Purchasing Managers’ Indexes™ (PMIs) have been developed in many countries to provide purchasing professionals, business decision makers and economic analysts with an accurate and timely set of data to help better understand industry conditions.
PMIs are based on monthly surveys of carefully selected companies. These provide an advance indication of what is really happening in the private sector economy by tracking variables such as output, new orders, stock levels, employment and prices across the manufacturing, construction, retail and service sectors.
The PMI surveys are based on fact, not opinion, and are among the first indicators of economic conditions published each month. The data are collected using identical methods in all countries so that international comparisons may be made.
The surveys achieve considerable press coverage on a regular basis and are widely used by purchasing professionals in the manufacturing sector, by senior management across the corporate sector and by economic analysts in financial institutions. In particular, central banks in many key economies use the data to help guide interest rate decisions.
Key features of PMI data:
provide reliable fact-based indicators as opposed to opinion or confidence-based indicators.
- are produced rapidly, and far faster than comparable official data series.
- are released on a monthly basis.
- cover almost all private sector economic activity in many countries (including the all-important service sectors).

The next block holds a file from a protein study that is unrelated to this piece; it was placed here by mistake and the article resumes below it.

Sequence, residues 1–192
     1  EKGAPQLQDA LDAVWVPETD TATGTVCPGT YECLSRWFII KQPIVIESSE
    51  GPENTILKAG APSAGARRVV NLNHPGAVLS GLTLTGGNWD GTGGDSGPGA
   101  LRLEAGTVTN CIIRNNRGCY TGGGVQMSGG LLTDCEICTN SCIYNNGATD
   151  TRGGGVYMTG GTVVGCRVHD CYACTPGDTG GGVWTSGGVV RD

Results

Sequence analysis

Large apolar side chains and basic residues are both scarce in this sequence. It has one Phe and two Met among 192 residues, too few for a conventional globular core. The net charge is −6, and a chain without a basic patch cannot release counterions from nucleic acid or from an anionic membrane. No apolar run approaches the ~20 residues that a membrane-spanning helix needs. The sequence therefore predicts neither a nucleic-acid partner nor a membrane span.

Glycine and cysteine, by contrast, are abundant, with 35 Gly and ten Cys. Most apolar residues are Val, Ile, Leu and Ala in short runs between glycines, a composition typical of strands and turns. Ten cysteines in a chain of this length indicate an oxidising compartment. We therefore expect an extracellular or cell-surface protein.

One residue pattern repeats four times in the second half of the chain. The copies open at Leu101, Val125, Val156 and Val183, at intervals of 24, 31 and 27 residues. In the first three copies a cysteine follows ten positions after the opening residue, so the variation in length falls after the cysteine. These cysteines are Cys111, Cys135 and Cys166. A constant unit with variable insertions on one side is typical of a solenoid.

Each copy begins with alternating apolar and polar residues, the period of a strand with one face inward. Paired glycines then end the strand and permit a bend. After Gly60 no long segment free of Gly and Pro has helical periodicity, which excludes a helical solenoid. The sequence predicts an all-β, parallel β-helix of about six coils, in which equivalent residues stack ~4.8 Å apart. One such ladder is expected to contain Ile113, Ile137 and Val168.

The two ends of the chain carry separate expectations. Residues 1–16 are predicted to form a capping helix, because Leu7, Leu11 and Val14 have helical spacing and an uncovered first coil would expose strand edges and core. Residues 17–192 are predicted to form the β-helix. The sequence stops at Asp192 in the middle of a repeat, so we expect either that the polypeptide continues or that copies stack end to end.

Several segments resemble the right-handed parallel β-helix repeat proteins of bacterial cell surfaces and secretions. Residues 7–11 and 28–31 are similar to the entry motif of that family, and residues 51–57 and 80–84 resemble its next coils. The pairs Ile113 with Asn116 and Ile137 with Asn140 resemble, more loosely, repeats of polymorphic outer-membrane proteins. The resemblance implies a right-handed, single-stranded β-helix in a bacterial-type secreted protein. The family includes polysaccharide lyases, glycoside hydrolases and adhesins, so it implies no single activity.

- are not revised after publication.
- are produced using the same methodology in all countries where we operate, enabling accurate international comparisons.
In many cases, the advantages offered by PMI data reflect deficiencies in official economic statistics, which include:
1. Infrequent publication
Many government data series, such as gross domestic product (GDP), are published only quarterly. The PMI is published monthly.
2. Delays in publication
A significant period of time often elapses before official data are published. The PMIs provide data sometimes several months ahead of official series.
3. Subject to revision after first publication
Even once the official data are published, they are frequently subject to substantial revision. Such revisions mean it is hard to confidently make business decisions based only on these statistics. PMI data, in contrast, are not revised after first publication (with the exception of very minor occasional changes to seasonal adjustments).
4. Lack of comparability with equivalent measures used for other countries
Not all statistical bodies compile data using the same methodologies. Gross domestic product data for the Eurozone are, for example, compiled using significantly different statistical techniques than equivalent data for Japan.
The above problems result in a situation where purchasing professionals and economic analysts are attempting to monitor current industry conditions using data that are already out of date when published, which are possibly revised substantially after first publication and which are difficult to interpret against other countries’ data.
The PMI surveys have therefore been designed to provide business decision-makers with up-to-date, accurate and reliable data on which to benchmark performance and base business strategy.
» Keeping up to date with underlying business conditions
» Forward-looking indicators for your business
» Sales strategy: export markets
» Supply chain management
» Using PMI data to gauge general price trends